MT KAWEAH (13,802 ft.)
Named by J.W.A. Wright in 1881
The Mt. Whitney 30' map, 1907, had 'Kaweah Basin'
and 'Kaweah Peaks.' The latter became simply 'Mt. Kaweah' on the sixth edition,
1929. 'Kaweah Peaks Ridge' and 'Kaweah Gap' showed up on the fifth edition, 1939.
The gap was named in 1926 by John R. White, then superintendent of Sequoia and
General Grant national parks."
- Peter Browning, Place Names of the Sierra Nevada
"A notable excursion took place in 1881, coincident with Professor
Langley's visit to Mount Whitney. Three friends from
the Tulare Valley took the Hocket Trail across the Kern to Whitney Creek, 'upon
which we tried unsuccessfully to impress the name "Volcano Creek," as the
stream does not rise in the vicinity of Mount Whitney.' They noted the phenomenon
of 'red snow,' which when crushed looked like 'red rock-candy.' At the base of
Mount Whitney they met Captain Michaelis of the Langley party, whose invitation
to spend the night with him on the summit was accepted by Wallace and Wright.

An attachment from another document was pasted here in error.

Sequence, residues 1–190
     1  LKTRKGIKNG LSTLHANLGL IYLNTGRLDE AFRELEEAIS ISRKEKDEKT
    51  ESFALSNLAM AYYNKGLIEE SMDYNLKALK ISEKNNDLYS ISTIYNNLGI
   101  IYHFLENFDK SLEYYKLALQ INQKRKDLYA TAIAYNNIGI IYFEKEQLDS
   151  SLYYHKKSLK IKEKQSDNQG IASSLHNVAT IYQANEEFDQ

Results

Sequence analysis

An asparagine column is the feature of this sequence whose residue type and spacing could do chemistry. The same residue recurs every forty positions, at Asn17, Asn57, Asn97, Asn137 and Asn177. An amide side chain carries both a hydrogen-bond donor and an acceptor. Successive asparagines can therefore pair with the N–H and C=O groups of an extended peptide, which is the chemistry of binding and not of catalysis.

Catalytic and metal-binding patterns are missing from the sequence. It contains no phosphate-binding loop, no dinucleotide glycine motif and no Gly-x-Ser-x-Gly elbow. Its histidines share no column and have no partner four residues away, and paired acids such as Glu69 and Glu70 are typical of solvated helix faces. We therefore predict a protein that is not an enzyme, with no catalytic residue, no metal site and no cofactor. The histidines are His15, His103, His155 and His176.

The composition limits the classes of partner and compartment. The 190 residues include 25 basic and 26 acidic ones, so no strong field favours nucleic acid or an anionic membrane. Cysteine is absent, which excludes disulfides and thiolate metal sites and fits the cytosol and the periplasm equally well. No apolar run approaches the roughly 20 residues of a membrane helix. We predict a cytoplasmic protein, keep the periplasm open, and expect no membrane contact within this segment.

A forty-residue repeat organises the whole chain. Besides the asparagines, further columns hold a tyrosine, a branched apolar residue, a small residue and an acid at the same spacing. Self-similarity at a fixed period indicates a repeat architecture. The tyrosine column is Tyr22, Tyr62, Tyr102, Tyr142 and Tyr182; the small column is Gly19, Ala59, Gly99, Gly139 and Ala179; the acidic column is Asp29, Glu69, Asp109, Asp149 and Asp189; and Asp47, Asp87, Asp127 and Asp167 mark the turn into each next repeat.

There, in the moonlight, 'outlines of all other great mountains in the region
were visible, and the snowfields about Mount Kaweah shone with subdued brilliancy.'
In the morning, looking across the Inyo mountains, they could see Telescope Peak
overlooking Death Valley. 'What a contrast,' writes Wallace, 'between two points!
Here we stood on the highest mountain in the United States, and there, but
seventy-five miles away, was the lowest land in America -- 280 feet below sea-level!'
From Mount Whitney, the three, Wallace, Wales, and Wright, made their way toward the
head of the Kern and pioneered a way down to the river at Junction Meadow. A few
days later they mounted the Chagoopah Plateau, at the base of Mount Kaweah, and
proceeded to climb the nearby peak. At noon they left their horses below the first
snowfield. 'Thence they moved to the west, climbing from rock to rock, upward and
ever upward, soon wearied and out of breath. No one can have a conception of the
extreme exertion and utter exhaustion from time to time of this rough and trackless
peak climbing.' It is quite apparent that Mr. Wright is speaking -- he was the
eldest and the heaviest of the three. His comrades reached the summit more than an
hour and a half ahead of him. 'After a careful examination not the slightest trace
was found that any human being had ever been there before.'"
- Francis Farquhar, History of the Sierra Nevada